I love the start-up world. I love working with founders and young companies. I love the excitement of working on business ideas that are new and different. I love seeing the success that often comes from this hard work. I’ve never before in my professional life seen a time of such innovation and creativity. At Foundry we see more business plans now than we ever have. And what’s more, more of those business plans are really interesting (and fundable). It goes without saying that I love the business of venture capital. I love helping entrepreneurs work on their ideas. And I love helping companies figure out how to become as successful as possible. I love the challenge of trying to…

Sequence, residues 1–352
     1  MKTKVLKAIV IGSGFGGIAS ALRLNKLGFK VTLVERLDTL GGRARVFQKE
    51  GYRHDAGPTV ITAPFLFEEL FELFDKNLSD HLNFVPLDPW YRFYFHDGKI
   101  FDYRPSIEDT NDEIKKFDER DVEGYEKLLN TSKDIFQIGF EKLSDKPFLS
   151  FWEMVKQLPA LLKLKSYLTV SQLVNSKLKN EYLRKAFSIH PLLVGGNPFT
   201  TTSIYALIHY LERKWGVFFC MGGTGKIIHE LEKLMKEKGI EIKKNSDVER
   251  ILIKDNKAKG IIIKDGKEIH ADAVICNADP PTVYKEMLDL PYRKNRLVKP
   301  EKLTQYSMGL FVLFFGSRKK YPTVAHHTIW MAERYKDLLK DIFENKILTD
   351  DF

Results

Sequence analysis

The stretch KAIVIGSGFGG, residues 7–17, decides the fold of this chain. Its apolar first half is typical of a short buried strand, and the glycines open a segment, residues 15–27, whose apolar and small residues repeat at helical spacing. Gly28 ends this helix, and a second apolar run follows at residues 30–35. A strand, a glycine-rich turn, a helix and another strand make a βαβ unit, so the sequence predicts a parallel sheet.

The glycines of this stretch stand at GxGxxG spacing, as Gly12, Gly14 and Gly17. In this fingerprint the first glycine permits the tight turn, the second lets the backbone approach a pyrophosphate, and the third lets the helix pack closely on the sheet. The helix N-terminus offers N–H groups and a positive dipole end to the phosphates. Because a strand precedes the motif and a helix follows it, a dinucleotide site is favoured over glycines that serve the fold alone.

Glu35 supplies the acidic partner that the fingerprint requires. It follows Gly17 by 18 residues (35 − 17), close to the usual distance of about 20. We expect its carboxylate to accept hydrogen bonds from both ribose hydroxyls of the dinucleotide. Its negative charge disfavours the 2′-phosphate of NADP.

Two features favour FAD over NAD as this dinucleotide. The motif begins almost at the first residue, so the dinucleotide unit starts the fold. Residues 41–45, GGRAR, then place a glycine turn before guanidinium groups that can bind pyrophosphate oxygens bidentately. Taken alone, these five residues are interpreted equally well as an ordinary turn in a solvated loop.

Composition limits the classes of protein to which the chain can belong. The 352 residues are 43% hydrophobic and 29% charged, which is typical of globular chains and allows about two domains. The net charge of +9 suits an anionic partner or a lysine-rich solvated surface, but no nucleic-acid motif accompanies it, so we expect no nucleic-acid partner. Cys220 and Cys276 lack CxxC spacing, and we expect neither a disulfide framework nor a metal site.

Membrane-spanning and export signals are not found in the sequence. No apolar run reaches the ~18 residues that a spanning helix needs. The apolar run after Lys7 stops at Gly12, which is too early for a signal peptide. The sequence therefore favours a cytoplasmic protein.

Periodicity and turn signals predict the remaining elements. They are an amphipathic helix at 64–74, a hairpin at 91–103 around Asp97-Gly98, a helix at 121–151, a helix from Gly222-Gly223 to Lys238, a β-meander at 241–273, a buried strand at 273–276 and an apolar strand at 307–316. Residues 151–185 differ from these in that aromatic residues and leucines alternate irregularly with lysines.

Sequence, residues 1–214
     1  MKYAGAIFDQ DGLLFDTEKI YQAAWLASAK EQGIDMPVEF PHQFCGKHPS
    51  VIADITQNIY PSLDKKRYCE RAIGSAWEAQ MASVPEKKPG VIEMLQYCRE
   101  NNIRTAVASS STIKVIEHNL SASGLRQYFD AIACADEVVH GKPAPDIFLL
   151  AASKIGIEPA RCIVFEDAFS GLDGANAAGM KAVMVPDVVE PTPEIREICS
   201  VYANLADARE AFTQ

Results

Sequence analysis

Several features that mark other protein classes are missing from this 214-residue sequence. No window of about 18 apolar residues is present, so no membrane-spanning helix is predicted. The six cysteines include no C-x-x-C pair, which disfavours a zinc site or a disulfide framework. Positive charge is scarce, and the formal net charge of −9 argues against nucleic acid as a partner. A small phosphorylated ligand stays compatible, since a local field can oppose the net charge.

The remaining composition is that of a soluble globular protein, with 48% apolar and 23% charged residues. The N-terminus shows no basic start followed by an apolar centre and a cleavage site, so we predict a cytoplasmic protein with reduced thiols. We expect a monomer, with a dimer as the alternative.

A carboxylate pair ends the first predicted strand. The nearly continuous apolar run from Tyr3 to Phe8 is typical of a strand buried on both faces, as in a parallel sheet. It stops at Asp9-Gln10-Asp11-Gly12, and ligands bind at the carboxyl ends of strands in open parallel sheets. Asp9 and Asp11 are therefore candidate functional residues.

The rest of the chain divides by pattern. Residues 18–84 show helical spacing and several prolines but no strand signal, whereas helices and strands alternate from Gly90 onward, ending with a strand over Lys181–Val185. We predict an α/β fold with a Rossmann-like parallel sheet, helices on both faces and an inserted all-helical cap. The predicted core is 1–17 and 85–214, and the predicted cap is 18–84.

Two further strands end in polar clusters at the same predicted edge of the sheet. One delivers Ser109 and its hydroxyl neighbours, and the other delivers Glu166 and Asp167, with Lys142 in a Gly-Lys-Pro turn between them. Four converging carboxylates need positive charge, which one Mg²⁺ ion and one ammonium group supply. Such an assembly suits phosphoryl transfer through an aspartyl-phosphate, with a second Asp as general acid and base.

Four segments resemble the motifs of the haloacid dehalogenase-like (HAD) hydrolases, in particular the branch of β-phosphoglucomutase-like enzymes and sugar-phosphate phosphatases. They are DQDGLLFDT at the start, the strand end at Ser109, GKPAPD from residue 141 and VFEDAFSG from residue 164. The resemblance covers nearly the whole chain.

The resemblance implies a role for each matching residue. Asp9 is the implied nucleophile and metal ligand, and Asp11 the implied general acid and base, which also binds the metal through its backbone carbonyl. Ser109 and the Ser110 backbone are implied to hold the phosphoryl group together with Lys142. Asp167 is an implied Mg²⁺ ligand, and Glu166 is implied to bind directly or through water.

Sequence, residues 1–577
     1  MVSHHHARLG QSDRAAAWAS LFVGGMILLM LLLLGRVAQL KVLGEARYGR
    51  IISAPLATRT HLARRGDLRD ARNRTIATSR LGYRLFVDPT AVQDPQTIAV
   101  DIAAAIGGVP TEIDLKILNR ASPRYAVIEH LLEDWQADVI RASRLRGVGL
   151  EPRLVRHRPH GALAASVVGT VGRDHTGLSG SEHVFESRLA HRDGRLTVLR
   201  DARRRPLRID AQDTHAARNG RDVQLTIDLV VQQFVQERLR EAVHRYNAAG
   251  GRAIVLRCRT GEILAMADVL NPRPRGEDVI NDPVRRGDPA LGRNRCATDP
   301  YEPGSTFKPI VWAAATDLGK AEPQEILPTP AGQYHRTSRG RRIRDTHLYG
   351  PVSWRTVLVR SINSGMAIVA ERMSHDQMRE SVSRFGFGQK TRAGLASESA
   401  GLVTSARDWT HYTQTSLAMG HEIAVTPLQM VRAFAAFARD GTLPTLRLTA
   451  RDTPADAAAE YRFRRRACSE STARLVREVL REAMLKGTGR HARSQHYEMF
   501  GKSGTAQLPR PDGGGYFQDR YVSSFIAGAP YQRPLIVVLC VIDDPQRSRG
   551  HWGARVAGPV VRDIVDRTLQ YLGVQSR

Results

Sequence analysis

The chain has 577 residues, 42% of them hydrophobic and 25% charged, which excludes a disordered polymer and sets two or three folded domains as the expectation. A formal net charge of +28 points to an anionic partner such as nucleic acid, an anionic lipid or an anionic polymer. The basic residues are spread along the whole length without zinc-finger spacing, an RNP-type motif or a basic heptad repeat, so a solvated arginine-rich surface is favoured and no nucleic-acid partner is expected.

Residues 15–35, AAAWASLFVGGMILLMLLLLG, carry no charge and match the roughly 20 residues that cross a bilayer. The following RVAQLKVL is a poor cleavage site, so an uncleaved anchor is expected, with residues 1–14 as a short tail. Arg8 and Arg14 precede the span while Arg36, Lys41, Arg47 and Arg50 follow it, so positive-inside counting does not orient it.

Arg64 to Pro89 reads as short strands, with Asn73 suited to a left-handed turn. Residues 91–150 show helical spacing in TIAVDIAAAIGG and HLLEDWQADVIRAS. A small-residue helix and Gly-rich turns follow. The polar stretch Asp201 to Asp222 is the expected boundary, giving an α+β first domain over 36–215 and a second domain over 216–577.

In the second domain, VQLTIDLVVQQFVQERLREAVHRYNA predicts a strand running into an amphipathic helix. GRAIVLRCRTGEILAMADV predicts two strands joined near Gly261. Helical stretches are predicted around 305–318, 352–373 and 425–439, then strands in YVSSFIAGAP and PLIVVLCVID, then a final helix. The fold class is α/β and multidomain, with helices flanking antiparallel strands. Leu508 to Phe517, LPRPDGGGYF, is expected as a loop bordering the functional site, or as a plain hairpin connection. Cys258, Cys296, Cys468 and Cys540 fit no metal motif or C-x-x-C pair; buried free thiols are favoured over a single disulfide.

A few days ago I received an email asking me if I had a “rule of thumb for determining when a start-up can no longer be considered a start-up”. The sender proposed a few potential answers but I thought this one might be a good one to put out there for feedback from readers. His suggestions were: *Two consecutive quarters of positive free cash flow?*Drop pooled benefits company like Administaff for in-house benefits administration?*Anything > C round, seeking to lever w/ mezz debt or file S-1?*Name of company becomes a verb in our lexicon?*Receive gov’t stimulus funding?*Oprah uses your product? For a long time I’ve asked entrepreneurs at what point their company no longer felt like it was a start-up….